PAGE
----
Slavery in Miniature
|While George and Justice rules our British Isle ||No Popish Varlets shall our Rights defile.|
SLAVERY in Miniature: A FABLE.
Apply'd to the most Factious People of Great-Britain, 1745.
RE Britain's Peace is broken quite,
Ere Parties meet in deadly Fight;
Ere Blood is spilt and Treasure spent,
Our Crown remov'd or Kingdom rent.
Ye sensless Tribe with Patience hear,
A simple Fable, worth your Ear.
In Days of yore, when Beasts cou'd prate,
And argue on Affairs of State,
A Colony of Frogs whose Host
A free Prerogative did boast;
Till Faction, Avarice and Strife,
Depriv'd them of the happiest Life,
This Tribe inbred to Discontent,
Many Solicitations sent
To Jove, the Emp'ror of the Sky,
That he their Wish wou'd gratify,
And grant them from his radiant Seat,
A King to rule their jarring State.
But Jove their weak Request rejected,
And out of Pity long neglected;
The Consequence could plain foretel,
And bid them know when they were well.
But they unsatisfy'd persist,
That he wou'd answer their Request;
Tir'd out at last, Jove angry threw
A Log among this murm'ring Crew:
Amaz'd they stood, the mighty Fall
Diffus'd a Terror 'mongst 'em all
Their Fears dispers'd, they humbly came,
And paid due Homage to his Name.
Demur a while, was hush'd again,
They 'njoy'd, like us, a peaceful Reign;
They went, they came, they drank, they eat,
And laught nad talk'd as they thought fit.
But by Degrees their Pride grew high,
Indulg'd with too much Liberty;
They scorn their peaceful Prince's Reign,
And jarring Tumults rose again.
A King they cry! a helpless Weight,
Why don't he rise, exert his Might,
And put our daring Foes to flight?
Once more they importuned Jove,
That he'd this heedless King remove,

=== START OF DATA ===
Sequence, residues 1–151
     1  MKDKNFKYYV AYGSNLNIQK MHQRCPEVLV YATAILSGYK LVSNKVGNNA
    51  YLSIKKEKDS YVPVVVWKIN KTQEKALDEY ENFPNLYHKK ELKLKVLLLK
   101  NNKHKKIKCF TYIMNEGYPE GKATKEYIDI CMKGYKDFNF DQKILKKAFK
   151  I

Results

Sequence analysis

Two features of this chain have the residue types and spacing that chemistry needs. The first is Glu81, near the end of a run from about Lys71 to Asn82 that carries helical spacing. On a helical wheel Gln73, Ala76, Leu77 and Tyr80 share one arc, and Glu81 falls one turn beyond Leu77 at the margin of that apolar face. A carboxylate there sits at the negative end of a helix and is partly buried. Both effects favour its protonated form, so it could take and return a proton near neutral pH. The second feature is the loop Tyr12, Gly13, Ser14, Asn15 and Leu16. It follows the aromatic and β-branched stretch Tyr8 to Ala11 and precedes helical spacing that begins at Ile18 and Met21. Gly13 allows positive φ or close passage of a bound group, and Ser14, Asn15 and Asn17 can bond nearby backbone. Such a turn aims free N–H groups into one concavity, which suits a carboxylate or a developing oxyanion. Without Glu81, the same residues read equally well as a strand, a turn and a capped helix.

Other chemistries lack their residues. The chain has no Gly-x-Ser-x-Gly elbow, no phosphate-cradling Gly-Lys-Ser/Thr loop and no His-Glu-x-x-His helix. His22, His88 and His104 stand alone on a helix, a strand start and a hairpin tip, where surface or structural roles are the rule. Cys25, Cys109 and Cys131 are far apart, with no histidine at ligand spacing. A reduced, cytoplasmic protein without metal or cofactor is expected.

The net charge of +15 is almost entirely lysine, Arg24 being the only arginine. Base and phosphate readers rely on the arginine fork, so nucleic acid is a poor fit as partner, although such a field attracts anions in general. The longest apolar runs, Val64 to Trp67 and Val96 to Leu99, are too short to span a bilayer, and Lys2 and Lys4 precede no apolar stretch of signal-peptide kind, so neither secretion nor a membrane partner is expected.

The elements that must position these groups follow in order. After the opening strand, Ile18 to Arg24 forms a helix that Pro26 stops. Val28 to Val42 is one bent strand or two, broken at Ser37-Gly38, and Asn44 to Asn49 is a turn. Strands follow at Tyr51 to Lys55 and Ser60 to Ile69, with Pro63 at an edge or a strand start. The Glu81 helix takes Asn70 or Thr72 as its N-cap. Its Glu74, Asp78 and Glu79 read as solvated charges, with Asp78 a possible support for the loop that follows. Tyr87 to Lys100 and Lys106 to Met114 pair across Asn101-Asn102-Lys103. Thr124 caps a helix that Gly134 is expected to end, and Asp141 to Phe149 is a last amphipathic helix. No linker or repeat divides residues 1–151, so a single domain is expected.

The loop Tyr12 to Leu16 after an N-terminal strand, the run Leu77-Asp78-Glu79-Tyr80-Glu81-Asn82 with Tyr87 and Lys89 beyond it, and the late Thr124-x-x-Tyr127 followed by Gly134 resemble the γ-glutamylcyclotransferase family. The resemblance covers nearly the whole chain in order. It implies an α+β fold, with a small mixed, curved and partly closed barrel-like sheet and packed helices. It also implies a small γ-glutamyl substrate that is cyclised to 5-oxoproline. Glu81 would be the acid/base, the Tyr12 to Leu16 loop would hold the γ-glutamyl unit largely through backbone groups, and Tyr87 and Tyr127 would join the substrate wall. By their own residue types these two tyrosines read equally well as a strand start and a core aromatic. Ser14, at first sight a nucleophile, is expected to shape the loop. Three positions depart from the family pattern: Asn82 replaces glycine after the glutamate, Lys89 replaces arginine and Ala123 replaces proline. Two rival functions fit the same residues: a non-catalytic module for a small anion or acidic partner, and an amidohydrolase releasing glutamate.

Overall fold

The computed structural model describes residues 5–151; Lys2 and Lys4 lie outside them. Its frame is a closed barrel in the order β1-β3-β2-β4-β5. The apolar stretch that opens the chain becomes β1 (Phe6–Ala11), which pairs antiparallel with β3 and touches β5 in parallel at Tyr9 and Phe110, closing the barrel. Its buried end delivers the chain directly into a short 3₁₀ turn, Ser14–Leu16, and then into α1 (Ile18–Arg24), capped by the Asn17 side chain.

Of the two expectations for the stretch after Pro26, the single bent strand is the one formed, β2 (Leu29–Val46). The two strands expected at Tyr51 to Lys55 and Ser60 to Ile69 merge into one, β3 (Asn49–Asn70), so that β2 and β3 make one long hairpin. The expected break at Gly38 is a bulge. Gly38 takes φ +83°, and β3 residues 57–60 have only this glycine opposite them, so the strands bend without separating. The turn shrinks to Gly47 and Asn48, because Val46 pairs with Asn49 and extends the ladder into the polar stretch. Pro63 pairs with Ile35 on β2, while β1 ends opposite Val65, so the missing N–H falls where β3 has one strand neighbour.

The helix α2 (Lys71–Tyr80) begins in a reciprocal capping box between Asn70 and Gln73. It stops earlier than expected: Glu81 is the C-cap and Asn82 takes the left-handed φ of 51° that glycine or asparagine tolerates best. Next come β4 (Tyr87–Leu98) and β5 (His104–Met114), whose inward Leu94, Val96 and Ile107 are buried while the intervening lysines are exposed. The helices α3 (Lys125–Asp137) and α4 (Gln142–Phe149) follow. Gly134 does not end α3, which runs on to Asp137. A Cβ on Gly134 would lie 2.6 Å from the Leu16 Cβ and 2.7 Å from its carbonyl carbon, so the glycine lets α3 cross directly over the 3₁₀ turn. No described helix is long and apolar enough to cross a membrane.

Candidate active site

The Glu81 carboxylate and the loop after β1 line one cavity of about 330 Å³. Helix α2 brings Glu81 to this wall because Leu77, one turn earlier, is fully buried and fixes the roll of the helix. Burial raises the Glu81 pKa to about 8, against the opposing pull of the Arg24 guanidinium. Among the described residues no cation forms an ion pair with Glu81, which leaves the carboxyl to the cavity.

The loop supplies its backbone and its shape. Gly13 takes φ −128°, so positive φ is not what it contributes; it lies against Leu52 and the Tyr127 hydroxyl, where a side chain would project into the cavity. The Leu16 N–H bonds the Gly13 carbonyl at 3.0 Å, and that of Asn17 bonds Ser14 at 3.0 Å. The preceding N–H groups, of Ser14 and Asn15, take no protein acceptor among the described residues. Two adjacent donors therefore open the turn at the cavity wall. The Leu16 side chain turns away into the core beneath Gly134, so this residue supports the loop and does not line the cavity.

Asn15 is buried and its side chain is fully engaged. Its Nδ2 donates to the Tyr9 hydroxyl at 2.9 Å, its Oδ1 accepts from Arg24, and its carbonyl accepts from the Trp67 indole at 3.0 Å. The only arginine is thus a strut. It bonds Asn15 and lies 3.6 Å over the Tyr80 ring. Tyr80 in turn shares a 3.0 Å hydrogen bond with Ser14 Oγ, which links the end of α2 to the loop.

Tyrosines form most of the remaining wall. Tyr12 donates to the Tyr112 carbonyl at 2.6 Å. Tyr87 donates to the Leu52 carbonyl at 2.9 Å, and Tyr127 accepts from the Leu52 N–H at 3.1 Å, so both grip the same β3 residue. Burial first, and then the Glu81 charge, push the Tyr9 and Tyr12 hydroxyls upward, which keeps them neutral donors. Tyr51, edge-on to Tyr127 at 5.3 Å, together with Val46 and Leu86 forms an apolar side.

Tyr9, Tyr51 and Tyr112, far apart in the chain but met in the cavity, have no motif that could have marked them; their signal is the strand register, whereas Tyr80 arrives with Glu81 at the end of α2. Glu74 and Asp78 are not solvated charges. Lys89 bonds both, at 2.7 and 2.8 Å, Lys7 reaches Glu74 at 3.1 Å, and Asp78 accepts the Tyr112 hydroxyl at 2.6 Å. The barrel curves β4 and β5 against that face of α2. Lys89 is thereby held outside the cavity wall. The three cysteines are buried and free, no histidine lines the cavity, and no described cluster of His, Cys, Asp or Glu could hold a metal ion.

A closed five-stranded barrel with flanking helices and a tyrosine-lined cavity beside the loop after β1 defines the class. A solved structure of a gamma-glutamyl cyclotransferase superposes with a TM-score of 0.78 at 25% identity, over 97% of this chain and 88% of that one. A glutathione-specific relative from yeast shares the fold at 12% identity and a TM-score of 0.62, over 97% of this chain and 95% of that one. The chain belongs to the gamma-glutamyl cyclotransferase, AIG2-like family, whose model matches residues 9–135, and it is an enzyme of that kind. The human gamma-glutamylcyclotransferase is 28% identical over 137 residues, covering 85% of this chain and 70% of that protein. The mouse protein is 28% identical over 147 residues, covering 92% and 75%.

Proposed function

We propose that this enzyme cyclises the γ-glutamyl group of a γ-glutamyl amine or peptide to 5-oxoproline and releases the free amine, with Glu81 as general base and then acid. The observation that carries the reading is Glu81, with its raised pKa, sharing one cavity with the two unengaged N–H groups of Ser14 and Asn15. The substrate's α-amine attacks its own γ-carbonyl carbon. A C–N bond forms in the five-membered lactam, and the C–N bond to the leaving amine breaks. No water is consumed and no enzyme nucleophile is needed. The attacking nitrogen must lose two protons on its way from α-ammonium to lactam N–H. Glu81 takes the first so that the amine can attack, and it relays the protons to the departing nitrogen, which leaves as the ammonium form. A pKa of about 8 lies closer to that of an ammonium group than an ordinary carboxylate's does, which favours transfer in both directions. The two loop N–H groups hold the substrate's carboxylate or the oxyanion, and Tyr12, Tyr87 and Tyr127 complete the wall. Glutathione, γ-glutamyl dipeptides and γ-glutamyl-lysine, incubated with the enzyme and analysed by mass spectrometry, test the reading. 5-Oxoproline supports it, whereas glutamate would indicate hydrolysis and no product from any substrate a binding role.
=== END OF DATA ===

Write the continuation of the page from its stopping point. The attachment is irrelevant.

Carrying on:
And grant them one whose mighty Sway
Wou'd make their Foes (and them) obey;
One active, bold, and stout beside,
And nearer to their Bands allied.
O Murmerers! Jove in Wrath reply'd.
Must I for ever bear your Pride?
You shall have Reason to complain,
And feel a cruel Tyrant's Reign.
Thus said, th' inraged Thunderer sends
A Stork triumphant o'er their Fens,
Who reign'd with arbitrary Sway,
Devouring all within his Way,
Or drove them forth, and in their Place
Advanc'd his own tyranick Race.
This fatal Change too soon appear'd,
What Groans around the Fens were heard!
Hoarse croaking Lamentations rise,
But Jove was deaf to all their Cries,
And left them, unredress'd, to bear
What they'd long sought with Earnest Pray'r.
From hence ye restless Britons learn,
'Twixt Good and Evil to discern:
All arbitrary Power disdain,
And prize that gracious Monarch's Reign,
Who rules by Law, loves Liberty,
Resolv'd his People shall be free.
Then let all Hearts in one firm Band unite,
T' repel the base Disturbers of his Right.
This work was published before January 1, 1928, and is in the public domain worldwide because the author died at least 100 years ago.